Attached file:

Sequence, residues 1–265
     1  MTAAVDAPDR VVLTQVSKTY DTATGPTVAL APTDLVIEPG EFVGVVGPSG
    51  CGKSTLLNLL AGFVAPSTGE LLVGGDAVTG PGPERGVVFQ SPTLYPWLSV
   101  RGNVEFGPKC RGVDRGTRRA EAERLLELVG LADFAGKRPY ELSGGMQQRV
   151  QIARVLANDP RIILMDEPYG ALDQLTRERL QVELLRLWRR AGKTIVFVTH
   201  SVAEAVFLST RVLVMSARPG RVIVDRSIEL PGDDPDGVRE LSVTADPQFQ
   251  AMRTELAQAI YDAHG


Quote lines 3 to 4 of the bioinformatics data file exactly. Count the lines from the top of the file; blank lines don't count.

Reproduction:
    51  CGKSTLLNLL AGFVAPSTGE LLVGGDAVTG PGPERGVVFQ SPTLYPWLSV
   101  RGNVEFGPKC RGVDRGTRRA EAERLLELVG LADFAGKRPY ELSGGMQQRV